Historical epidemiology of hepatitis C virus (HCV) in select countries - volume 2

V. Saraswat, S. Norris, R. J. de Knegt, J. F. Sanchez Avila, M. Sonderup, E. Zuckerman, P. Arkkila, C. Stedman, S. Acharya, I. Aho, A. C. Anand, M. I. Andersson, V. Arendt, O. Baatarkhuu, K. Barclay, Z. Ben-Ari, C. Bergin, F. Bessone, S. Blach, N. BlokhinaC. R. Brunton, G. Choudhuri, V. Chulanov, L. Cisneros, E. A. Croes, Y. A. Dahgwahdorj, O. Dalgard, J. R. Daruich, N. R. Dashdorj, D. Davaadorj, M. de Vree, C. Estes, R. Flisiak, A. C. Gadano, E. Gane, W. Halota, A. Hatzakis, C. Henderson, P. Hoffmann, J. Hornell, D. Houlihan, S. Hrusovsky, P. Jarčuška, D. Kershenobich, K. Kostrzewska, P. Kristian, M. Leshno, Y. Lurie, A. Mahomed, N. Mamonova, N. Mendez-Sanchez, J. Mossong, E. Nurmukhametova, P. Nymadawa, M. Oltman, J. Oyunbileg, Ts Oyunsuren, G. Papatheodoridis, N. Pimenov, N. Prabdial-Sing, M. [= Maria] Prins, P. Puri, S. Radke, A. Rakhmanova, H. Razavi, K. Razavi-Shearer, H. W. Reesink, E. Ridruejo, R. Safadi, O. Sagalova, R. Sanduijav, I. Schréter, C. Seguin-Devaux, S. R. Shah, I. Shestakova, A. Shevaldin, O. Shibolet, S. Sokolov, K. Souliotis, C. W. Spearman, T. Staub, E. A. Strebkova, D. Struck, K. Tomasiewicz, L. Undram, A. J. van der Meer, D. van Santen, I. Veldhuijzen, F. G. Villamil, S. Willemse, F. R. Zuure, M. O. Silva, V. Sypsa, E. Gower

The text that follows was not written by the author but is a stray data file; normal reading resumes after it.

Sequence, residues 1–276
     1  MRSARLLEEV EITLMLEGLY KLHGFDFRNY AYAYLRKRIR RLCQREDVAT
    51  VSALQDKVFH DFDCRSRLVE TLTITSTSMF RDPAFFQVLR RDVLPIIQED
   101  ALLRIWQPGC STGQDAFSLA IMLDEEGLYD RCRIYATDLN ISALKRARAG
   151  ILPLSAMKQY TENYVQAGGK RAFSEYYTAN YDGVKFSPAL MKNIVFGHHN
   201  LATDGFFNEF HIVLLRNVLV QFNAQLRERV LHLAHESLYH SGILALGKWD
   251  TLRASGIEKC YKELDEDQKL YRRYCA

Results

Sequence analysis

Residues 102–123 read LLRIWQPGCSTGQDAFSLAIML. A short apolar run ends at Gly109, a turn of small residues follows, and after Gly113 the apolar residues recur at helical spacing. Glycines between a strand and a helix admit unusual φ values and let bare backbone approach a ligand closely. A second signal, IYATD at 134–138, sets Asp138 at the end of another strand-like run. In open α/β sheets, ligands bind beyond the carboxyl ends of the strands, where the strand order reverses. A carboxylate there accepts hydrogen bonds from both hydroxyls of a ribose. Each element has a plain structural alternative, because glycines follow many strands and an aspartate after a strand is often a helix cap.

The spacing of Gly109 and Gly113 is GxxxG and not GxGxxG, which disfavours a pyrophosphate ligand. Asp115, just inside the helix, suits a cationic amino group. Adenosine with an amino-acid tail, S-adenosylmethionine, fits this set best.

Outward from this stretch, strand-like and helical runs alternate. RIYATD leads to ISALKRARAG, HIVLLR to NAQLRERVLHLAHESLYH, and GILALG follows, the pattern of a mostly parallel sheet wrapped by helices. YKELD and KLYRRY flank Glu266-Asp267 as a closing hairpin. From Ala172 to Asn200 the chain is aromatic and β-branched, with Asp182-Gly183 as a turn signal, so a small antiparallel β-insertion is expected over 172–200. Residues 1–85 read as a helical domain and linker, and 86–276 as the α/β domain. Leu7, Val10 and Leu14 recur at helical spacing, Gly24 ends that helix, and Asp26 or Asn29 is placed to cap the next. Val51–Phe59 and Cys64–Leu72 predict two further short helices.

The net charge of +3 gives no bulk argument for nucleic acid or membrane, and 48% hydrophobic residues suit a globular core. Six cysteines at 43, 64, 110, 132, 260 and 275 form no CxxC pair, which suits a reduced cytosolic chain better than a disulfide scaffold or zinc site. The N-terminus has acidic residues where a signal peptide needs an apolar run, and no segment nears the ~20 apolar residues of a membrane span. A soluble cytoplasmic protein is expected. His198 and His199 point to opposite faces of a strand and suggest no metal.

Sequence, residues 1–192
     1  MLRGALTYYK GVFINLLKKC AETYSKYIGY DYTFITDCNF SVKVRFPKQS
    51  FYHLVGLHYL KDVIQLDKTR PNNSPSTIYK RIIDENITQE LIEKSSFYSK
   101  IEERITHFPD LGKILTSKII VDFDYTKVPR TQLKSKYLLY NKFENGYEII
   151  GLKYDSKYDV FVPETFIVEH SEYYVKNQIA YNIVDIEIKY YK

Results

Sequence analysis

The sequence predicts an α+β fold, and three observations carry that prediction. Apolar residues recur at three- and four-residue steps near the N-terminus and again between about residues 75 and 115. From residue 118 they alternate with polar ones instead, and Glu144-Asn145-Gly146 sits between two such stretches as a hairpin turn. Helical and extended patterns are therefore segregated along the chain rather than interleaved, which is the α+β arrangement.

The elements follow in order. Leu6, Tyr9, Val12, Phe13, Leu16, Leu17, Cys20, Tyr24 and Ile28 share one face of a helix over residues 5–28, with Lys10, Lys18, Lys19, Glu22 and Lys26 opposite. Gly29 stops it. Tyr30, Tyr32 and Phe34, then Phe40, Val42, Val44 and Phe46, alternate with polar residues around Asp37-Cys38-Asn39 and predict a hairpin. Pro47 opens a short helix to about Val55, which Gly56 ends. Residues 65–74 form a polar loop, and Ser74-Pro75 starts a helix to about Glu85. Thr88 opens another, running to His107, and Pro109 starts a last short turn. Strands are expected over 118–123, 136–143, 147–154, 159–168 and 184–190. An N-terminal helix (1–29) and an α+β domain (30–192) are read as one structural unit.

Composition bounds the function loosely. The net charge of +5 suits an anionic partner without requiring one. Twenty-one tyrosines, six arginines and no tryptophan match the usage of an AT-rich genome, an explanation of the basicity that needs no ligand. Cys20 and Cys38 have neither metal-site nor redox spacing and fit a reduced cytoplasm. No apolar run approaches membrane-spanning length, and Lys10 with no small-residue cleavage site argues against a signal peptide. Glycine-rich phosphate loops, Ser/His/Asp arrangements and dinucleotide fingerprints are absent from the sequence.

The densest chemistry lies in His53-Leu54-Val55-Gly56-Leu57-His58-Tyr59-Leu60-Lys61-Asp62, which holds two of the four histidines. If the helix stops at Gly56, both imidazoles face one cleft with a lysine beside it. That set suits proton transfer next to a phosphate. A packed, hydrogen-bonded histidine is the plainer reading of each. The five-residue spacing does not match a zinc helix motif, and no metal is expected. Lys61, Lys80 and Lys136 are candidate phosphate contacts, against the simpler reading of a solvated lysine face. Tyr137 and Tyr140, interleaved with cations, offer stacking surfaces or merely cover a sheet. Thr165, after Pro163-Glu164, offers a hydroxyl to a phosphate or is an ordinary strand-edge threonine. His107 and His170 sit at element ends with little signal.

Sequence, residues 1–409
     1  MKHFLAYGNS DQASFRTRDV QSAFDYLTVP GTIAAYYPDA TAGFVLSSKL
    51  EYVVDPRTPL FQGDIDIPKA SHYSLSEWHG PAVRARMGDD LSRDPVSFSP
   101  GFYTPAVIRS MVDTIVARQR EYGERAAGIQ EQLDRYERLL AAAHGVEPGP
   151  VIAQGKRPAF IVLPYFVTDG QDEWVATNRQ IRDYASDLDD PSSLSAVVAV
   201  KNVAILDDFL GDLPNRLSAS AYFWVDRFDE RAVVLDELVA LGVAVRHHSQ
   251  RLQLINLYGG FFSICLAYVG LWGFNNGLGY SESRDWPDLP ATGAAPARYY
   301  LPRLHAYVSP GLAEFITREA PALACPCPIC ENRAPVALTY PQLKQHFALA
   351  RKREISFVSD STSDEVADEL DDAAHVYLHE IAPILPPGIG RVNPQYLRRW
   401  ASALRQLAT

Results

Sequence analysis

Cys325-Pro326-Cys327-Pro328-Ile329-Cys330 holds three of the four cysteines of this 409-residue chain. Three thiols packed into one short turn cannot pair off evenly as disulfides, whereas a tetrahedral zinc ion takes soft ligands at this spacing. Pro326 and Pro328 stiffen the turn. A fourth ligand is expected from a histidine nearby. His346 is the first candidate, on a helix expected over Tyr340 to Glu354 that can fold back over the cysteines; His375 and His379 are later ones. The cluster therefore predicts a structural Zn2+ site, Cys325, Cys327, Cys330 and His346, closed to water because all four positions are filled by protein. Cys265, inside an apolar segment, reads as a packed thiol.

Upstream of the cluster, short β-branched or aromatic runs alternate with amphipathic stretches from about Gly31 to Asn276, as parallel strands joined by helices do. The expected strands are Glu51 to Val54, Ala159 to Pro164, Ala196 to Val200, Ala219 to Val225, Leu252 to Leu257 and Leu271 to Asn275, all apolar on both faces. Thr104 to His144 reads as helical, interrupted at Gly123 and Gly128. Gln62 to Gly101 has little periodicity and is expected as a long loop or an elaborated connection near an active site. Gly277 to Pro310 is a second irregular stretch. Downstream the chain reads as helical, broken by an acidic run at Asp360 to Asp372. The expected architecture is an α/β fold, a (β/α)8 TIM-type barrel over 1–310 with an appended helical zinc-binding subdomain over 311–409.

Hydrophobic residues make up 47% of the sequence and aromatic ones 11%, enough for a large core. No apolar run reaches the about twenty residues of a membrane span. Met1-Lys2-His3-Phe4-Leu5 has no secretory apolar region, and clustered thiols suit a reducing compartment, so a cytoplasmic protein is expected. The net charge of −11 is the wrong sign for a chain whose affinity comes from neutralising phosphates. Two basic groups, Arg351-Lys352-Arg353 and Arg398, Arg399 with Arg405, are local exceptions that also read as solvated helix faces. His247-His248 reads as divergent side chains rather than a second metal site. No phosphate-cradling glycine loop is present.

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Abstract

Chronic hepatitis C virus (HCV) infection is a leading cause of liver related morbidity and mortality. In many countries, there is a lack of comprehensive epidemiological data that are crucial in implementing disease control measures as new treatment options become available. Published literature, unpublished data and expert consensus were used to determine key parameters, including prevalence, viremia, genotype and the number of patients diagnosed and treated. In this study of 15 countries, viremic prevalence ranged from 0.13% in the Netherlands to 2.91% in Russia. The largest viremic populations were in India (8 666 000 cases) and Russia (4 162 000 cases). In most countries, males had a higher rate of infections, likely due to higher rates of injection drug use (IDU). Estimates characterizing the infected population are critical to focus screening and treatment efforts as new therapeutic options become available
Original languageEnglish
Pages (from-to)6-25
JournalJournal of viral hepatitis
Volume22
Issue numberSuppl. 1
DOIs
Publication statusPublished - 2015

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